Regarding “state mindfulness,” Daniels sought to gauge levels rooted in “both traditional Buddhist and contemporary psychology models of mindfulnesses.” This measure illuminated participants’ awareness of their mental states and bodily sensations. On the other hand, the “mystical experience” metric looked at more profound moments – such as experiencing deep peace and tranquility and perceiving a distorted sense of time, a common occurrence for cannabis trips.
In her research, Daniels identified a marked enhancement in participants’ reported mindfulness when they combined cannabis use with yoga practice. Additionally, their “mysticality of experience” saw a notable uptick. Despite mysticality traditionally being more aligned with psychedelic substances, Daniels points out, “While cannabis is not considered a traditional psychedelic,” it has been observed that “recent evidence indicates that it shares many commonalities with psychedelic-induced altered states.”
When it comes to “state affect,” which essentially gauges an individual’s emotional and mood state, Daniels found no significant variance between sessions with yoga and those without.
Pairing cannabis and yoga is nothing new. Ancient yogis in India touted the benefits of hashish, and classes such as the LA-based Ganja Yoga invite people to partake to enhance their yoga experience.
Of those participating in the study, six were newcomers to yoga. Thirty individuals claimed to engage in yoga sporadically or occasionally, with the remaining 11 being regular or frequent practitioners. 72% of the participants, or 34 individuals, expressed interest in blending cannabis and yoga in the future. In a symbiotic relationship, yoga not only amplified their cannabis experience, but the inclusion of cannabis also heightened their appreciation for yoga. Daniels notes:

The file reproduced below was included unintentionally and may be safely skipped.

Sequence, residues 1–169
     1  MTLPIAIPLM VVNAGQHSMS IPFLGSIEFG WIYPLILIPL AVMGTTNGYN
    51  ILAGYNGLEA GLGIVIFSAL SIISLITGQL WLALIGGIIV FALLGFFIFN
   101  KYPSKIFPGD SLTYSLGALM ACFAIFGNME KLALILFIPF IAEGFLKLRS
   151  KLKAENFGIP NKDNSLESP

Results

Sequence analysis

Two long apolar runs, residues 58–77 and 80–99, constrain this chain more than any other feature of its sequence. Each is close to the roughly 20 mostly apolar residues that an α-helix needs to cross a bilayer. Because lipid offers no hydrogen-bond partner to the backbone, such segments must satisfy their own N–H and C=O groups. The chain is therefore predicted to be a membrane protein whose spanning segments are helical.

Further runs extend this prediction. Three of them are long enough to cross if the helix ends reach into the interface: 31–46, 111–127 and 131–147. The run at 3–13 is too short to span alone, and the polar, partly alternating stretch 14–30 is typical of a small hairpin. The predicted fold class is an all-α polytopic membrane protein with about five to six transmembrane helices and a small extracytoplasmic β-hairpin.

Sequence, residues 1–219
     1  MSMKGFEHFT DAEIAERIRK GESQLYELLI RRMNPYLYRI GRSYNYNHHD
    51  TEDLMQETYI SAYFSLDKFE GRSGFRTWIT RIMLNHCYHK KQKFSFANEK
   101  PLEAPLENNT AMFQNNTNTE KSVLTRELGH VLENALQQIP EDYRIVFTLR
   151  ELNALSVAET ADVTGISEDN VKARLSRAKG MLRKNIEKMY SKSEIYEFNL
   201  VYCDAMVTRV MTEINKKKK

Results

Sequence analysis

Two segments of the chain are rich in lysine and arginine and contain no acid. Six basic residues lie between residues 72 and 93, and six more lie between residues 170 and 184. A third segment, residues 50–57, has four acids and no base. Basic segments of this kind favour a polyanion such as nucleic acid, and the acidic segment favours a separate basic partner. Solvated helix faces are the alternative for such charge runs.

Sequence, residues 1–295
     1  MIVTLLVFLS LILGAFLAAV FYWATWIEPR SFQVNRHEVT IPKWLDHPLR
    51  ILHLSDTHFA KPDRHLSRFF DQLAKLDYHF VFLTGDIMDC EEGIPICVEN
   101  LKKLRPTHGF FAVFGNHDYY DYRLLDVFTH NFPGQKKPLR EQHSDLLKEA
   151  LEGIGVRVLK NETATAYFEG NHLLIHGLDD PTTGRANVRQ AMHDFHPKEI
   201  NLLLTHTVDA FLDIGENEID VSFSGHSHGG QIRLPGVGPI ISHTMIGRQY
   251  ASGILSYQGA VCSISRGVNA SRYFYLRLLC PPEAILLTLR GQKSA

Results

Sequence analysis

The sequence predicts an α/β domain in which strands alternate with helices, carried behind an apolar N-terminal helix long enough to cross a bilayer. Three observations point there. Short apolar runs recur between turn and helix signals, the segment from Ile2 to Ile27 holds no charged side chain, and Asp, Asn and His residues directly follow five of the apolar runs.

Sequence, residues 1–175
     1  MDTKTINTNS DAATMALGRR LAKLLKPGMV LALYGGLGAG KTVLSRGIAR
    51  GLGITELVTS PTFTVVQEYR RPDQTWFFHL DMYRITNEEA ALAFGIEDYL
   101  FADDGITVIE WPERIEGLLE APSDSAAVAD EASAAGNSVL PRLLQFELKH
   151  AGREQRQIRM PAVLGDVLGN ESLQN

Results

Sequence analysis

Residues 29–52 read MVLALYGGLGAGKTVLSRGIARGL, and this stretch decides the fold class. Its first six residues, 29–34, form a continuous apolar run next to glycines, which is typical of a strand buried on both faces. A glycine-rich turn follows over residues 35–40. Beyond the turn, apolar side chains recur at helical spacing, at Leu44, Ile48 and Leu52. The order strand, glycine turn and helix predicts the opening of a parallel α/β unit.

“The most frequently reported theme was enhanced physical awareness, where 15 participants articulated a heightened cognizance of their body, its movements, and sensory experiences. Many described feeling more ‘in touch’ or ‘in tune’ with their bodily sensations and expressed that their awareness of movement and physical sensations was at a ‘deeper’ level than usual. Importantly, they emphasized that this was distinct from their regular (non-cannabis influenced) yoga or physical activity sessions.”
Reflecting on her findings, Daniels suggests, “These results underscore the importance of considering context and offering guidance to those using cannabis for therapeutic purposes, with the aim of enhancing its positive impacts on mental health and well-being.”
The primary takeaway from the study is that going forward when prescribing cannabis (although you don’t need a doctor to implement this information), physicians should consider set and setting as part of cannabis consumption.
“Physicians have long identified a lack of clarity on the optimal approach to prescribe cannabis for therapeutic use,” the study reads. “Offering precise behavioral guidance and educating about the influence of environment and mindset can potentially optimize the benefits and reduce the downsides of therapeutic cannabis use. Given the favorable response to the yoga component, recommending yoga or similar mindful exercises might be highly beneficial.”